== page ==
Are you thinking of modifying your Jeep? That’s an excellent idea! While the brand’s vehicles are already plenty competent and capable, we don’t blame owners for seeking that extra edge from their SUV. Modifications can unlock a number of performance capabilities, especially when it comes to off-roading.
However, if you’re a bit inexperienced with the entire process, you might not be aware that some aspects of the vehicle should be avoided. Now, we’re not solely discussing your willingness to pursue “aftermarket parts,” which, despite their affordable price tags, don’t often return the investment. Rather, we’re talking about specific modifications that you should consider avoiding altogether.
We’ve compiled testimonials from several Jeep owners below. Take a look at what they had to say, and you might have some clarity when it’s time to build your custom Jeep Wrangler…
Yes, lift kits certainly make your vehicle more intimidating, and they might even improve the Jeep’s off-roading prowess (although it’s already plenty impressive as is). However, as Jeepforum.com user E_ROCK explains, these lift kits could potentially compromise other aspects of your Jeep, especially when it comes to performance. If you find yourself in this situation, you’ll presumably be dishing out an unreasonable amount of money on repairs…
“When I first bought my jeep it had 31″ tire from the previous owner. I wanted to get a little more lift to take it off road. So, I bought some 6.5″ eye-to-eye shackles. It killed my caster and made my jeep wander on the highway. Even bought a 3.5″ lift kit and kept those stupid things. Then, I went SOA and still kept those stupid things, until I ripped the shackle mounts apart on the trail. Final got rid of those rock hangers by going shackle reversal with tiny front leaf mount and the shackle through the frame.”
The second major bit of advice came from jk-forum user (via Jonathon Klein of JK-Forum.com). This individual lamented their inability to wait for the most logical modification part for their Jeep. In other words, they got a bit impatient as they were modifying their Jeep and opted for some aftermarket parts that weren’t necessarily the best fit. For starters, pursuing a trusted parts manufacturer (opting for any of the brand’s applicable parts should always be your initial goal) assures that other areas of your vehicle won’t be compromised. Furthermore, as the user explained, they also didn’t have a definitive end-goal for their modified Jeep, leading to some disappointment when their project concluded:
“With all the threads on what did you do to your Jeep today? I thought a central location for all the mods we regret would also offer some insight for others in their builds. For myself the biggest regret was not having a clear enough end goal for my Jeep, impatience. Since getting parts can be a huge PITA in Canada. Settling for choice #2 when a wait of 2-3 months would have saved money and aggravation in the long run, when you buy twice, install twice and then screw around trying to sell the parts.
If you’re off-roading, you might want to make sure that you’re equipped with an extra tire. However, as jeepz.com user TrailRatedRN describes, it might be a good idea to avoid a tire carrier, as the constant rattling will presumably lead to you regretting opting for the part in the first place:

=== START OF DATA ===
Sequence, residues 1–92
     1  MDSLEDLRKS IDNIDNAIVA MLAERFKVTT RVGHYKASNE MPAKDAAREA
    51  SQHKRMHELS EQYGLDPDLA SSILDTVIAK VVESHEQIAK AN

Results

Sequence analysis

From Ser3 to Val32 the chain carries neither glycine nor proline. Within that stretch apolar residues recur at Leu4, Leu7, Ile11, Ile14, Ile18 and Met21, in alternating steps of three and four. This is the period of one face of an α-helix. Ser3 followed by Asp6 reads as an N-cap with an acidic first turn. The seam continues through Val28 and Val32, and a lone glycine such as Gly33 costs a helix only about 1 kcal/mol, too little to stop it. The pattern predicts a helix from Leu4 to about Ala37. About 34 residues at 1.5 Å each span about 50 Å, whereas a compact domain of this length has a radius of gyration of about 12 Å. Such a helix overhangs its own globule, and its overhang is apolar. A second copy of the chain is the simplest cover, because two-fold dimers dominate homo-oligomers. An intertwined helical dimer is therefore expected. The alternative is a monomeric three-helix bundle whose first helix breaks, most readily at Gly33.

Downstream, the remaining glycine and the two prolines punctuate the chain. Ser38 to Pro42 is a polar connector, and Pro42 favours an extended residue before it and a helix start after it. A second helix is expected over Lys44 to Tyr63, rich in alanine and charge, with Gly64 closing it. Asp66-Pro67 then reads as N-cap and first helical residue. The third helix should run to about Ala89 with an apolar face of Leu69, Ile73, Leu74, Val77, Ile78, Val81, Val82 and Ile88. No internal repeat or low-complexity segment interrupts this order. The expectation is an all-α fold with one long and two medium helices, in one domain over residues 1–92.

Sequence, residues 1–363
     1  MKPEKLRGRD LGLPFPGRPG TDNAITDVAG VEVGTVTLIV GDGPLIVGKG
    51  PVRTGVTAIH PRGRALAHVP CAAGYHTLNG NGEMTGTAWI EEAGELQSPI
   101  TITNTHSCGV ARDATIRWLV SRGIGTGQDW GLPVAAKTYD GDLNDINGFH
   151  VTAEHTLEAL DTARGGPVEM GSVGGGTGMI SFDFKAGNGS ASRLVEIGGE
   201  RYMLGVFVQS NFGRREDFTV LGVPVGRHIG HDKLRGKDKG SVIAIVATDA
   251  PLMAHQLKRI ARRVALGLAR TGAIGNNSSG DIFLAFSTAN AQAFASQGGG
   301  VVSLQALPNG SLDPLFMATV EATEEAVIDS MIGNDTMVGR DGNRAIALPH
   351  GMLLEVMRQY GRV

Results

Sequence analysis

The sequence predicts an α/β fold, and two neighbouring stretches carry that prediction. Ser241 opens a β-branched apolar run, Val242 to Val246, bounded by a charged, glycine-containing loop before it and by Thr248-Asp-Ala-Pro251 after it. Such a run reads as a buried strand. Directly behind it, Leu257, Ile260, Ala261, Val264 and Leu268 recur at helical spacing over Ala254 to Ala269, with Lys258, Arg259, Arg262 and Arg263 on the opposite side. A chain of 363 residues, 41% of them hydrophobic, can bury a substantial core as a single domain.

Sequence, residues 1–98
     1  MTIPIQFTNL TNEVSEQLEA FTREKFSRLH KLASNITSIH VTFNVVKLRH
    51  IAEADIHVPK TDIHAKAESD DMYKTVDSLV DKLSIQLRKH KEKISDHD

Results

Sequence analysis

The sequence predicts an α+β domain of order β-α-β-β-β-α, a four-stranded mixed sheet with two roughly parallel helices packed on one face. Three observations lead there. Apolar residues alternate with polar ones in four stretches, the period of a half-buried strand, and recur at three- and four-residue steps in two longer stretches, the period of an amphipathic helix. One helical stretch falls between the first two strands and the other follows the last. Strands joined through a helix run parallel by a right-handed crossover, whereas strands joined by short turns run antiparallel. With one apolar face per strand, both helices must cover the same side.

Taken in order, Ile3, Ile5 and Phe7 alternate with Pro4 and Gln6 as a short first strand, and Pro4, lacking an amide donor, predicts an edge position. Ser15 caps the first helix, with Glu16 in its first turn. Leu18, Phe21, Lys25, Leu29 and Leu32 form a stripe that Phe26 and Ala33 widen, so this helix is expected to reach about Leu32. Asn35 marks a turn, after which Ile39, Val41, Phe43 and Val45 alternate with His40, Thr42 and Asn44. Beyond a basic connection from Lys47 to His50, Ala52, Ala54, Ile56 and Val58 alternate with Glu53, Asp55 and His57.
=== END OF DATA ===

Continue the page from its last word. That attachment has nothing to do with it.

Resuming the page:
“Tire carrier. That mothereffer rattles something terrible. Can’t find any way to permanently stop it. Not so noticeable with windows in, but if I am off road and riding some rocks, esp a creek bed… OMFG!!! I can’t tell if my tire carrier is clinking or if I’ve broken something!”
Even a modification as simple as a light bar can lead to its fair share of issues. For instance, as Reddit user u/2ner1337 describes, while this inclusion might be practical, you’ll have to consider that these parts might not be produced especially well. As this Jeep owner learned, the part provided them with more musical accompaniment than actual illumination:
“Trailmaster 50″ led light bar. I followed every god damn tip and solution on the internet after install to get that thing to stop whistling. Sounded like a 40 pound harmonica mounted to the roof. Every solution I tried just changed at what speed the sound happened. And the wind buffeting was another issue on it’s own. Bought it Friday and returned it Monday, and just got some bumper lights instead.”
While we previously preached that it’s in the customer’s best interest to pursue a manufacturer-produced part, it actually might be more beneficial to opt for the aftermarket alternative. Yes, any Jeep-produced part will certainly last longer than its counterpart. However, in some situations, as WranglerForum.com user Pkai described, the inexpensive alternative option might be just as effective, and customers won’t have to dish out additional money to acquire this specific option:
“Not exactly a “mod”, but I regret paying $495 for “Max Tow” — which on a Rubicon is just the hitch and wiring. Fully knowing it was a bit pricey compared to aftermarket, I still got it because I figured a factory install just had to be cleaner and better than aftermarket…. specially with the wiring…… WRONG!
Soon after ordering, I started reading and discovered that all the wiring is plug and play and an OEM equivalent or better hitch can be had for less than 1/4 the price. For less than half the price, I could have had a much-superior-to-OEM VersaHitch… <<kicking myself in ass!!!>>
I console myself by saying that if this is the costliest mistake I ever make with this Jeep, I will be doing pretty good compared to some of the multi-thousand-dollar horror stories I’ve read.”
Ultimately, the best course of action is to refer to a mechanic or professional modifier when you’re considering customizing your Jeep. They’ll provide plenty of guidance, and they should be able to alert you of the parts that should be embraced and the parts that should be avoided.